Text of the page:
Fable



[fey-buh l] /ˈfeɪ bəl/

noun
1.
a short tale to teach a moral lesson, often with animals or inanimate objects as characters; apologue:
the fable of the tortoise and the hare; Aesop’s fables.
2.
a story not founded on fact:
This biography is largely a self-laudatory fable.
3.
a story about supernatural or extraordinary persons or incidents; legend:
the fables of gods and heroes.
4.
legends or myths collectively:
the heroes of Greek fable.
5.
an untruth; falsehood:
This boast of a cure is a medical fable.
6.
the plot of an epic, a dramatic poem, or a play.
7.
idle talk:
old wives’ fables.
verb (used without object), fabled, fabling.
8.
to tell or write fables.
9.
to speak falsely; lie:
to fable about one’s past.
verb (used with object), fabled, fabling.
10.
to describe as if actually so; talk about as if true:
She is fabled to be the natural daughter of a king.
/ˈfeɪbəl/
noun
1.
a short moral story, esp one with animals as characters
2.
a false, fictitious, or improbable account; fiction or lie
3.
a story or legend about supernatural or mythical characters or events
4.
legends or myths collectively related adjective fabulous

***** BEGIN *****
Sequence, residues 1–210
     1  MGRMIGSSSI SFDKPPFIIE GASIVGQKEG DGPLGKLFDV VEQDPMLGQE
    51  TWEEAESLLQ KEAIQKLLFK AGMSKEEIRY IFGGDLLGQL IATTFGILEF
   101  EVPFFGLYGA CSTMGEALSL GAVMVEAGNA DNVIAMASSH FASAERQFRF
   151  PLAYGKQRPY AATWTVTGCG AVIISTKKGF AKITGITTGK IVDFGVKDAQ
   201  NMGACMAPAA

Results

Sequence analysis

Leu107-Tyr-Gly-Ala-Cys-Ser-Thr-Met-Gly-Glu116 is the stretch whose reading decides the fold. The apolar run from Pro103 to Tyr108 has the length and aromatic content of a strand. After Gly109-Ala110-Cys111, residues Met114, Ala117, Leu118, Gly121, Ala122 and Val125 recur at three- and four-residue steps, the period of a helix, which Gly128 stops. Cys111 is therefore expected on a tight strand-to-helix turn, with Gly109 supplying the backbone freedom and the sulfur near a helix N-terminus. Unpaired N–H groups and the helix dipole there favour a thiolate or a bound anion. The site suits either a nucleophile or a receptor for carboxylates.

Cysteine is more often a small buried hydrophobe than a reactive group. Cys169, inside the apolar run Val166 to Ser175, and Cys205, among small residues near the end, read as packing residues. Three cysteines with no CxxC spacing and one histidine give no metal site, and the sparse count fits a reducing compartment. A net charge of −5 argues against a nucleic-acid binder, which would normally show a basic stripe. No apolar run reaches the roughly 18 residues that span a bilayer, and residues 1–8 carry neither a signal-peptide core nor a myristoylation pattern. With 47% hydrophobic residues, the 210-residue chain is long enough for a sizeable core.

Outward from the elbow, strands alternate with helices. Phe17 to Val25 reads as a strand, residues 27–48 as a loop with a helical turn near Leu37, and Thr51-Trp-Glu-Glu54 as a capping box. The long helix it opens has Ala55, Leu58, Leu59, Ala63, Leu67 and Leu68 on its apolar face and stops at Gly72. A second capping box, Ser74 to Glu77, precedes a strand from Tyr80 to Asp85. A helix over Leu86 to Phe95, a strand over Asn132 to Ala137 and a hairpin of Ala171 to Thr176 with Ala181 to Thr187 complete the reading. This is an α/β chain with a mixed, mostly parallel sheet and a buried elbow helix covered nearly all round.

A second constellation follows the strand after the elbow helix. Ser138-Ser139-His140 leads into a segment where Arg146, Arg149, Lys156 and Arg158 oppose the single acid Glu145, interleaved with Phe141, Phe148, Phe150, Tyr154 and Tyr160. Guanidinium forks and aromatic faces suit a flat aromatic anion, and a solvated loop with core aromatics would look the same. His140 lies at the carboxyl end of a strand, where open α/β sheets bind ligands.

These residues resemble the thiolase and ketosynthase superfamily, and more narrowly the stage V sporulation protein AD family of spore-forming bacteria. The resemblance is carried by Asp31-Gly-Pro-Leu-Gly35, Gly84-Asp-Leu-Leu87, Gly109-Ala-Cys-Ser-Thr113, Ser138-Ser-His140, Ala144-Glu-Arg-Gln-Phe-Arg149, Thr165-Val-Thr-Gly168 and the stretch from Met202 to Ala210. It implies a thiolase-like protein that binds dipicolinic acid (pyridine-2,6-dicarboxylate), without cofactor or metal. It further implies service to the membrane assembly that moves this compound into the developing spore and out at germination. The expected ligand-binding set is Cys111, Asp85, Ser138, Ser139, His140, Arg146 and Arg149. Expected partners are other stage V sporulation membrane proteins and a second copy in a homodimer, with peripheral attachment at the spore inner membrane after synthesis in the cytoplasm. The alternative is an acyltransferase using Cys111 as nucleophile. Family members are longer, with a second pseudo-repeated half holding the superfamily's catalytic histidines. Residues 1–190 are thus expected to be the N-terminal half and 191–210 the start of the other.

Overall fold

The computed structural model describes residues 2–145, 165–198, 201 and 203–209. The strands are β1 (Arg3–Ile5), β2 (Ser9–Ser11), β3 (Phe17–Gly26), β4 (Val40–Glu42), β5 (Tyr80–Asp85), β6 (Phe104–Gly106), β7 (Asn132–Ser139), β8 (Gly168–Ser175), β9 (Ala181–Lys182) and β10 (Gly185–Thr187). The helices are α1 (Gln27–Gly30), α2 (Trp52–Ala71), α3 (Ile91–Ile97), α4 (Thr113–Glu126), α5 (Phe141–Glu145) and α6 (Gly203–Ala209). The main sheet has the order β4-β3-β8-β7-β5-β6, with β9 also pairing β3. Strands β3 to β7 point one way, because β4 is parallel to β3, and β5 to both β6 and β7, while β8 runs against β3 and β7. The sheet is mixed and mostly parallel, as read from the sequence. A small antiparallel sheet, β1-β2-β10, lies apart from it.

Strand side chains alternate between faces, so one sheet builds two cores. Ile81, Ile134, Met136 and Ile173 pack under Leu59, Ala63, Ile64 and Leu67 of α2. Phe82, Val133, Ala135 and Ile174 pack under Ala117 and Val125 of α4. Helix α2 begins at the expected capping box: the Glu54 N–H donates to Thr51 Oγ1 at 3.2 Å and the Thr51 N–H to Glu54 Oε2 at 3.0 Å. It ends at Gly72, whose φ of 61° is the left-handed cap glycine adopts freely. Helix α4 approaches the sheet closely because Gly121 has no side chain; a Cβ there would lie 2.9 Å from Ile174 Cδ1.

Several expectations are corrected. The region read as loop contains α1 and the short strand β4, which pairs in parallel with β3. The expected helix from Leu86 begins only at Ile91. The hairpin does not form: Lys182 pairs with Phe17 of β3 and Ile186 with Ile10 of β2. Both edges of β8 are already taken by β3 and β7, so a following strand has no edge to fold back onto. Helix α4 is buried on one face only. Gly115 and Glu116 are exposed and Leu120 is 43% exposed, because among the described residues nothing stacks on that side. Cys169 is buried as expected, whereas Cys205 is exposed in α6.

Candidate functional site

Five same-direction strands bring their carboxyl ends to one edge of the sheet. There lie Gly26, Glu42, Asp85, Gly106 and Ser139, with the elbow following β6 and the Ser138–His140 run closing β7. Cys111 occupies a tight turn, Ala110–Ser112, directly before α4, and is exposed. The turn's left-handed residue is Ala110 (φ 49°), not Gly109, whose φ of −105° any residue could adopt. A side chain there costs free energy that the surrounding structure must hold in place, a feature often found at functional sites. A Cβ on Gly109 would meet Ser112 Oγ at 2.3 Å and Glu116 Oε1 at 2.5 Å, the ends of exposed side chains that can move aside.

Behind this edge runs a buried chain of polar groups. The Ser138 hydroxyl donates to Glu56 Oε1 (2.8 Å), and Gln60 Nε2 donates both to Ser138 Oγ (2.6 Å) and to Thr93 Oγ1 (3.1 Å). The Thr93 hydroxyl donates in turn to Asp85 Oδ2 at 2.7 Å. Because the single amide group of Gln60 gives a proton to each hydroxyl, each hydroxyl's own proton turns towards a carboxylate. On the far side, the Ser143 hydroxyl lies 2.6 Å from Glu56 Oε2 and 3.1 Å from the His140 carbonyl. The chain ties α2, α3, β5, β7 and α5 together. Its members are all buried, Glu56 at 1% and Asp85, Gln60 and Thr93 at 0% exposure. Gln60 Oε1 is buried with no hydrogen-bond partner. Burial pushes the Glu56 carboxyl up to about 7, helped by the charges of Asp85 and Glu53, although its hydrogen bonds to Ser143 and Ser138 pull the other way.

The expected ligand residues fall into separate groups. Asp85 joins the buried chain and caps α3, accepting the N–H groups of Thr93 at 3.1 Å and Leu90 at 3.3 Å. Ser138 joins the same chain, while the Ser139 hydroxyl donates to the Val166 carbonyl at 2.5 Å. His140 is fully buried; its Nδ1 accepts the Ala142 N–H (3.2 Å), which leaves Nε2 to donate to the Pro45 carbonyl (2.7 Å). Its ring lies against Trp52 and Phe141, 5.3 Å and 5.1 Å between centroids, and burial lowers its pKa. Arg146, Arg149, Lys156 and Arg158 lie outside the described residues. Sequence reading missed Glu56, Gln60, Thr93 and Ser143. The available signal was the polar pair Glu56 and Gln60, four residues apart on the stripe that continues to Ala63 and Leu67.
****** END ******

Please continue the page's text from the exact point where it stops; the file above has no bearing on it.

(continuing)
5.
(archaic) the plot of a play or of an epic or dramatic poem
verb
6.
to relate or tell (fables)
7.
(intransitive) to speak untruthfully; tell lies
8.
(transitive) to talk about or describe in the manner of a fable: ghosts are fabled to appear at midnight
n.

c.1300, “falsehood, lie, pretense,” from Old French fable (12c.) “story, fable, tale; fiction, lie, falsehood,” from Latin fabula “story, play, fable, narrative, account, tale,” literally “that which is told,” related to fari “speak, tell,” from PIE root *bha- (2) “speak” (see fame (n.)). Sense of “animal story” (early 14c.) comes from Aesop. In modern folklore terms, defined as “a short, comic tale making a moral point about human nature, usually through animal characters behaving in human ways.” Most trace to Greece or India.

applied in the New Testament to the traditions and speculations, “cunningly devised fables”, of the Jews on religious questions (1 Tim. 1:4; 4:7; 2 Tim. 4:4; Titus 1:14; 2 Pet. 1:16). In such passages the word means anything false and unreal. But the word is used as almost equivalent to parable. Thus we have (1) the fable of Jotham, in which the trees are spoken of as choosing a king (Judg. 9:8-15); and (2) that of the cedars of Lebanon and the thistle as Jehoash’s answer to Amaziah (2 Kings 14:9).

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